In contrast to several other major automakers, including Ford and General Motors, forced to cut production this year because of the global chip shortage, Toyota expects to ship 9.6 million vehicles — almost a 6% jump from last year’s 9.1 million — as a direct result of how it manages its supply chain.
Companies will continue to struggle to meet consumer demand because of the new reality of component and commodity shortages. We’re anticipating shortages for raw materials, including residue, glass, rubber, steel and aluminum, and possibly other metals, to continue for the immediate future, which means that component shortages will likely hit any industry.
What exactly can supply chain leaders do now to avoid revenue losses due to stock-outs as the economy rebounds and we gear up for the 2021 holiday shopping season?
Effective inventory and demand management. The key to Toyota effectively navigating the semiconductor chip shortage is they are very closely integrated with their supply base down to Tier 3 and Tier 4 suppliers. As a result, Toyota was able to foresee and plan for the upcoming semiconductor chip shortage and spike in consumer demand, stockpiling crucial part inventory. A supply chain leader must ask their team several critical questions: How good is our visibility into inventory across the entire bill of materials for the products we manufacture? Have lead times been mapped out and confirmed with suppliers for the short and long term? How accurate are our forecasts, and have we thought about leveraging more sophisticated concepts, like demand sensing, to be receptive to any changes in the market or consumer purchasing behaviors? Has any thought been given to incorporating sentiment analysis into our demand models? As we go through a rebound of the economy and pent-up demand explodes, companies that have solutions to the aforementioned problems will land ahead of the curve. It is now essential to operate with cloud-based supply chain planning software in order to marry real-time data about your supply chain with dynamic forecasting of customer demand.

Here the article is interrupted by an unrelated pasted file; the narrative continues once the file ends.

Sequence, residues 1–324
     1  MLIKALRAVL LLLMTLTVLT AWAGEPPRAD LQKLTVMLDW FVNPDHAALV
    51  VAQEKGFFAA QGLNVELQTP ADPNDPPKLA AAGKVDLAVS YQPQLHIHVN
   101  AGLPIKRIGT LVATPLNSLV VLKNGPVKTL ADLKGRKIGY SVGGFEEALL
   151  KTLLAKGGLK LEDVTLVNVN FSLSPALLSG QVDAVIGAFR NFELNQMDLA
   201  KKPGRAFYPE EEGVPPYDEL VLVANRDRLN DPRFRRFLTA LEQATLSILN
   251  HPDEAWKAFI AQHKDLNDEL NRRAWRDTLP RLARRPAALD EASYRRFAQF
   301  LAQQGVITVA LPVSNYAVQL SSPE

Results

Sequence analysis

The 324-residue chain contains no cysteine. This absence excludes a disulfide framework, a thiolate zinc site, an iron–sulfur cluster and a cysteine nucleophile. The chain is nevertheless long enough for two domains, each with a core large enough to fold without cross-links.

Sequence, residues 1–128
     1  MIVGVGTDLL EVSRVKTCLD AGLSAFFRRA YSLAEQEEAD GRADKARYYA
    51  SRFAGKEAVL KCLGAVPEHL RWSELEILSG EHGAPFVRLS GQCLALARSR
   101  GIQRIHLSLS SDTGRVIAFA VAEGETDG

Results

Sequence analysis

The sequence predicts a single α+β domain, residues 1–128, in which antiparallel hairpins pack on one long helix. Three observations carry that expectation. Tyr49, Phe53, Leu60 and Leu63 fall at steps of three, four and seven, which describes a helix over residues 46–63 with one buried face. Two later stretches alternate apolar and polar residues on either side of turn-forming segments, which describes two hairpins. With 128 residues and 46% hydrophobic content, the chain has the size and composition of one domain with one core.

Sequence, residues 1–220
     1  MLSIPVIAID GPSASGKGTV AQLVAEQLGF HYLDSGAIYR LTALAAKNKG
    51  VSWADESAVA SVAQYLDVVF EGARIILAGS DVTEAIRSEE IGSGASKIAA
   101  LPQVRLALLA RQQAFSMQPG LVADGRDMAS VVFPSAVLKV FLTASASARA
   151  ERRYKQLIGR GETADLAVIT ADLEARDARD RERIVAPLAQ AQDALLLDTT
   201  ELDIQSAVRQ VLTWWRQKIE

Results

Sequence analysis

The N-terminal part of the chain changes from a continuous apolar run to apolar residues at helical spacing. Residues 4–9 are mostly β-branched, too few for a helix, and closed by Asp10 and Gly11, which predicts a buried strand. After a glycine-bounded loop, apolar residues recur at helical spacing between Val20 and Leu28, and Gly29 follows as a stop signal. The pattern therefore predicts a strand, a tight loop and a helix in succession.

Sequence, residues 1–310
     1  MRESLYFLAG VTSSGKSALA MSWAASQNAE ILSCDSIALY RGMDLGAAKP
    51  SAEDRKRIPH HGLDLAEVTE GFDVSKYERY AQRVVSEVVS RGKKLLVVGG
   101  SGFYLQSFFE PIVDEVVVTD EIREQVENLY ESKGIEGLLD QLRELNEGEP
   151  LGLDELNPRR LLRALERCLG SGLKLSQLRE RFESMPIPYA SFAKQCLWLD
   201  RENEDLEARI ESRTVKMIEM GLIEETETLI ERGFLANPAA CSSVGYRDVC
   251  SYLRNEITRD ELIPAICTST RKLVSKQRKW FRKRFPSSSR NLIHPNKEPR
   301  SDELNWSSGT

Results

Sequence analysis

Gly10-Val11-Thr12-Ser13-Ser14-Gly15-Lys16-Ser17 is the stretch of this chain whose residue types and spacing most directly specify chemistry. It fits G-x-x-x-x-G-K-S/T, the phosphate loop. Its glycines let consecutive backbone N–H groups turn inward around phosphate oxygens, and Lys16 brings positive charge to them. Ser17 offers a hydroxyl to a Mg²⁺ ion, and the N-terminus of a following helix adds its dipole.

Supplier and component risk assessments. Neither all components nor all suppliers are created equal. Go back to the drawing board and conduct ABC analyses for both suppliers and commodities as soon as possible. Ask yourself, especially for those components that fall in the A and B bucket? Do all these components need to come from one supplier, or can I source from multiple suppliers?
After completing the risk assessments for all A and B suppliers, develop mitigation plans for any potential crises, especially cyberattacks, extreme weather events, and price inflations. In our current semiconductor shortage, auto chips are often low-margin and are not as profitable as ones designed for consumer electronics. The auto sector accounts for only 3% of TSMC’s capacity whereas 48% comes from smartphones, so suppliers are always going to prioritize the likes of Apple, Samsung, and AMD. To add more complexity to the mix, auto chips follow different production processes and have different manufacturing timelines when compared to chips for consumer electronics. As a direct result of automakers overreliance on TSMC and poor communication around demand from automakers mean the auto industry will lose about $110 billion in revenue in 2021, which would have been mitigated with risk assessments.
Securing supply and developing new suppliers. After uncovering the bottlenecks, scout for and secure supply to meet demand in the short term. Ask yourself, how savvy is my procurement team with hustling and negotiating for supply? Does it know what the materials/components “should-cost” or are we relying on three-bids? Have any alternate suppliers been identified and qualified?
Consolidation and single sourcing have been drivers toward shaving off costs in the past decade, but the last year has taught us the hard way that diversification is also a need of the hour and will continue to be for the foreseeable future — with an escalating number of cyberattacks to supply chains, geopolitical issues, commodity price increases, and extreme weather events. Investing the effort and money now to develop secondary sources of supply will pay off via improved security and price advantages down the line.
An example: Apple’s development of multiple mini-LED suppliers to service demand for the new iPad Pro line and for potential MacBook product lines in the future. Apple decided to develop, invest in and contract with multiple Taiwanese mini-LED manufacturers to ensure they have adequate supply for today with capacity for future growth, as well as resilience and backup options if tragedy strikes. AMD also recently renegotiated its contract with Global Foundries to lock in a minimum annual capacity so it won’t have to jostle with other companies for supply. Another smart move was removing any exclusivity contract terminology, so it is free to work with other foundries in case of a demand spike.
The three lessons described above may seem elemental and even common sense, but as real-world examples have demonstrated, these strategies have been ignored by the most experienced and sophisticated of global companies. As a direct result, companies that are leaders in supply chain fundamentals are now able to drive sustainable, profitable growth.
Ishan Sood is a consultant at GEP, a provider of procurement and supply chain solutions.
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